The main character in A Hero Ain't Nothin' but a Sandwich (written by Alice Childress) is Benjie, an African-American thirteen year old boy who lives in the bad part of town, where racism and violence are norm, and drugs are the only way out. Benjie lives in a apartment with his grandmother Mrs. Ransom Bell, his mom Rose 'Sweets' Johnson (soon to be Rose Johnson Craig), and his soon-to-be stepfather Butler Craig, who he has made up his mind to hate because he thinks that Butler's trying to take his mother from him. Whenever he is challenged by a problem at home or school, he resorts to denial and drugs. He steals from his family for drug money ('I had to take three bucks outta my grandmother's pocketbook, but I wasn't stealin it... I knew Jimmy-Lee would lend me three singles so I could slip back what was borrowed before anyone found out.'), but flatly denies being addicted to drugs, like when he says 'I take somethin sometime, but I ain't no user.' His other fault is that he thinks the world is against him. He dumps his friend Jimmy-Lee when he stops doing drugs and tells Benjie that he should do the same, it makes Benjie feel like a lesser person. He hates his teachers when they turn him in when he was high in class, and he hates everyone who says that he has a drug problem because, as he says, he doesn't have a drug problem. He believes that no one understands him, and he needs someone to believe that he isn't just some thirteen-year-old-junkie. But he won't let anyone believe in him. He knows they have no reason to like him, so they must not. Only when Butler stops him from jumping off a building does he find the person who had already believed in him. Benjie's main problem seems to be that he uses drugs, which hurts his life. He steals from his family and pushes his true friend away. Teachers constantly find him high in class, staring out the window, wondering where he's going to get his next hit. He agues with family, sometimes for no reason at all. But when the people around him try to clean his veins of skag and offer him help and comfort, he just pushes them away. People give up on him every time he goes back to drugs, thinking that they've done all they could to save Benjie. But what they don't realize is that their solution to Benji's problem didn't work because they were solving the wrong problem. Nobody can stop Benjie from using drugs because they don't give him a reason not to. One time he says 'Please God,' I prayed, 'send me a friend, someone to be crazy bout me Pleeeeease, God!' Clearly he wants someone to believe in him, and eventually he does say that he wants somebody to believe that is more than a thirteen-year-old junkie. But without that person, drugs are the only way to handle life for Benjie. Benjie finds his prayer when his previously hated stepfather saves Benjie from falling off his New York apartment roof, and showing him he really does care about him, does Benjie stop shooting up and starts to try to make his way in life. When you read this book, you get completely lost in it, and the characters come completely alive. You could see exactly what their personalities were, how they fitted into the community, and their thought process and feelings. Many a time, you almost expect to feel their warm breath as they exhale. What made this story so interesting andreal was the slang, misspelling, and the use of multiple views. When you are told that Benjie hates Butler, you are on Benjie's side, until Butler gives his view. Suddenly, both parties are equally in fault, and a new twist is added . When I finally finished the book, I forgot I was in California, not New York.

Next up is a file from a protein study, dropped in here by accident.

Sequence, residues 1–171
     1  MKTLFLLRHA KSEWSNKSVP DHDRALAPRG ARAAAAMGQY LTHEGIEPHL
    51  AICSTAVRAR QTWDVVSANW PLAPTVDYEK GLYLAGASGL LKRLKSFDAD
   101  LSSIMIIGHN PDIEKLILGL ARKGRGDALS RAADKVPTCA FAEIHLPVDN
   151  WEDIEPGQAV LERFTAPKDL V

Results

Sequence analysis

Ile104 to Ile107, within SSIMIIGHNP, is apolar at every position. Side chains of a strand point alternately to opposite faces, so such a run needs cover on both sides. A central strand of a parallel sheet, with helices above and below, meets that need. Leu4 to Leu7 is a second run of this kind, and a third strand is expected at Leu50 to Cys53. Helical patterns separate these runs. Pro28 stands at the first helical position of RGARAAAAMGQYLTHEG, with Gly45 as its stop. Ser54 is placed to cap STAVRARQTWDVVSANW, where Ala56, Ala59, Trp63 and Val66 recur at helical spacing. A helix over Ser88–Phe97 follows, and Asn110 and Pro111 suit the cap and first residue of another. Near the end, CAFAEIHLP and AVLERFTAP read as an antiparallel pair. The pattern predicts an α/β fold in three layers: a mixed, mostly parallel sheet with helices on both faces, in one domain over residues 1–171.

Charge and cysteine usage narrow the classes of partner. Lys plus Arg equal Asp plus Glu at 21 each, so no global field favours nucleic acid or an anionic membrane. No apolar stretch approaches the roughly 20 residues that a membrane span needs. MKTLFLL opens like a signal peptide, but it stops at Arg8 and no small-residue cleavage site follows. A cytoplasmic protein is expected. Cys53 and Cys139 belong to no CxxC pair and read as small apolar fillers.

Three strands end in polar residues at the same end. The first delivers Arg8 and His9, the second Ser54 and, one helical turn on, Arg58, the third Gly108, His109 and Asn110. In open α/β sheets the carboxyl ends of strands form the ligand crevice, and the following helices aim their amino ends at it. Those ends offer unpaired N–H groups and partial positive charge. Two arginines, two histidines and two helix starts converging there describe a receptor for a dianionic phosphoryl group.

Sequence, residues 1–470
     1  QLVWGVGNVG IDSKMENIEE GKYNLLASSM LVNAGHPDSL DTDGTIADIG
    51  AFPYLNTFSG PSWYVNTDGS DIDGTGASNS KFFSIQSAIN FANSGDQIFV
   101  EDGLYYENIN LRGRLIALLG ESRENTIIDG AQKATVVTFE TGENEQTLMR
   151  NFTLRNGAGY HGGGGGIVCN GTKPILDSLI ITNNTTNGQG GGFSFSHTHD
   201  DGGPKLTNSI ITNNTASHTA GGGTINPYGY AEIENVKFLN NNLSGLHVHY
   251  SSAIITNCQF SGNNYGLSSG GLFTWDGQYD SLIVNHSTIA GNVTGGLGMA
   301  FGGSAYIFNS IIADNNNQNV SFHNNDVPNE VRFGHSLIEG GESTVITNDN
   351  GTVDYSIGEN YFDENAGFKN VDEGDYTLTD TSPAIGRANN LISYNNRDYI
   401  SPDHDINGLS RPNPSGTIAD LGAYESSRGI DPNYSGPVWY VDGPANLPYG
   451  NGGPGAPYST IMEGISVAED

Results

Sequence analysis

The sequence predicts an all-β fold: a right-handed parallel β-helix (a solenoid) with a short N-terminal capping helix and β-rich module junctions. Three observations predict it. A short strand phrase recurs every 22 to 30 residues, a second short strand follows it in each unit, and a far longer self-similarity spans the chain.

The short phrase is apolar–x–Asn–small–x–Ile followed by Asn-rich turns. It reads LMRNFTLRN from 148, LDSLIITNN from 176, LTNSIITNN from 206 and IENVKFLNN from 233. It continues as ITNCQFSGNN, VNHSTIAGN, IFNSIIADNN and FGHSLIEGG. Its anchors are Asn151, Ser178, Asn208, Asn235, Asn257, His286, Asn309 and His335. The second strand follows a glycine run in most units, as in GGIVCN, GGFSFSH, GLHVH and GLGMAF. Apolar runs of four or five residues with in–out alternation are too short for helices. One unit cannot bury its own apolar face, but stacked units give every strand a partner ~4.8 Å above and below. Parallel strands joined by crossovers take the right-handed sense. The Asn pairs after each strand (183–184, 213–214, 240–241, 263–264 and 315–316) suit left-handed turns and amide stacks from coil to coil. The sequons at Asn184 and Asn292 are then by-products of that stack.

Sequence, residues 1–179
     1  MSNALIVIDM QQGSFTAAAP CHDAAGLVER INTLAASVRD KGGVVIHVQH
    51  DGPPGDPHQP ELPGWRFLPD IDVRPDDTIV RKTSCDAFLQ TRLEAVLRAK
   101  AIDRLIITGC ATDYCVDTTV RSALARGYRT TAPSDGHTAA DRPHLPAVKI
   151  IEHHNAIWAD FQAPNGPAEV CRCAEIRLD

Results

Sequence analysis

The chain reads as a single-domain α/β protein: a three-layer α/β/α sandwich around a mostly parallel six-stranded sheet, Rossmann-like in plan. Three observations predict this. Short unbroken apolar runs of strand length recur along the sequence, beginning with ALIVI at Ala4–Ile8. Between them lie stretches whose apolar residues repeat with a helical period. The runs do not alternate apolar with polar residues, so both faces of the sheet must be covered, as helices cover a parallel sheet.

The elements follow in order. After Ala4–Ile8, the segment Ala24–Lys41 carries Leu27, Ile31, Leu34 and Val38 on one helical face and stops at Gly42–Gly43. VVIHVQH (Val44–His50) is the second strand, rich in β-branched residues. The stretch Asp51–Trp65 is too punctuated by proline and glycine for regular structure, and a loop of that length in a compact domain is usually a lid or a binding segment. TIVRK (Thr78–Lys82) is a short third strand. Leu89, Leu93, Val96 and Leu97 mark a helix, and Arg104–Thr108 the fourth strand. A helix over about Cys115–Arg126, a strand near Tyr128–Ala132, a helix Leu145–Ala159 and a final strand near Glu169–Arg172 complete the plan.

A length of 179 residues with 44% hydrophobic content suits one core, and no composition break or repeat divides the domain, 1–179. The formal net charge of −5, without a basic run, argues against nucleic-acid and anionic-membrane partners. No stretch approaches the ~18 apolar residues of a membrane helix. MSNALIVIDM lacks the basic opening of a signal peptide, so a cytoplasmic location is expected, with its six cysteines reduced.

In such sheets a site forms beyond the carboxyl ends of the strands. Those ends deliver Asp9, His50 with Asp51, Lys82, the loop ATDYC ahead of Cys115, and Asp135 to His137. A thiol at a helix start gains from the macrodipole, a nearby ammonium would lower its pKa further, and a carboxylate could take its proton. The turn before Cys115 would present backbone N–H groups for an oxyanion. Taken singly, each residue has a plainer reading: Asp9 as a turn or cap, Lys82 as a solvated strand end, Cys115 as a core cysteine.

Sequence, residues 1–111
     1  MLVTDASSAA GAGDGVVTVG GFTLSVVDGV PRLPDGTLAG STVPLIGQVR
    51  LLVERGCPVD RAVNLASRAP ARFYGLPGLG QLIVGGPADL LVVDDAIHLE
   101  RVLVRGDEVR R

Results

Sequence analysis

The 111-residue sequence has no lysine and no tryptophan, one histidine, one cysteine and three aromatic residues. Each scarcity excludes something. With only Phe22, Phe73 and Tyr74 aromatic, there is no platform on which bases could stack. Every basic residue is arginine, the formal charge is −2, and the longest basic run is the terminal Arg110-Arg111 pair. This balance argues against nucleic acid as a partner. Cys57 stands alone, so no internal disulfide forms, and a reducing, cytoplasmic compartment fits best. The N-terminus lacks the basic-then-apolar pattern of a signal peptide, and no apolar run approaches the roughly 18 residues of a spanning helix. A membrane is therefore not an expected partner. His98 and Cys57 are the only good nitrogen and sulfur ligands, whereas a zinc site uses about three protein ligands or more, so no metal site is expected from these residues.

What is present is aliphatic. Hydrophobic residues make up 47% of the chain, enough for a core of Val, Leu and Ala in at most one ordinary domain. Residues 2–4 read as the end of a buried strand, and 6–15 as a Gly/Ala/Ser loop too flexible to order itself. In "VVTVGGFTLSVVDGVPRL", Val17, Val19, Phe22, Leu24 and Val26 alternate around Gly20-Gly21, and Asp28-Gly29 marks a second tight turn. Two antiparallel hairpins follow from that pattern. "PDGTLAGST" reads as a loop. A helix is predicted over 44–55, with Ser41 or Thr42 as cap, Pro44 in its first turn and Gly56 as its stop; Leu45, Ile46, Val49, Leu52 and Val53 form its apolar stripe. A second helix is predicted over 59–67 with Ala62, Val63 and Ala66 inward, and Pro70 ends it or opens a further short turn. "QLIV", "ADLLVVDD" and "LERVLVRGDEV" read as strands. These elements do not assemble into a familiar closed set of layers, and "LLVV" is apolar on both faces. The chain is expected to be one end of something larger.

2 out of 2 people found this review helpful.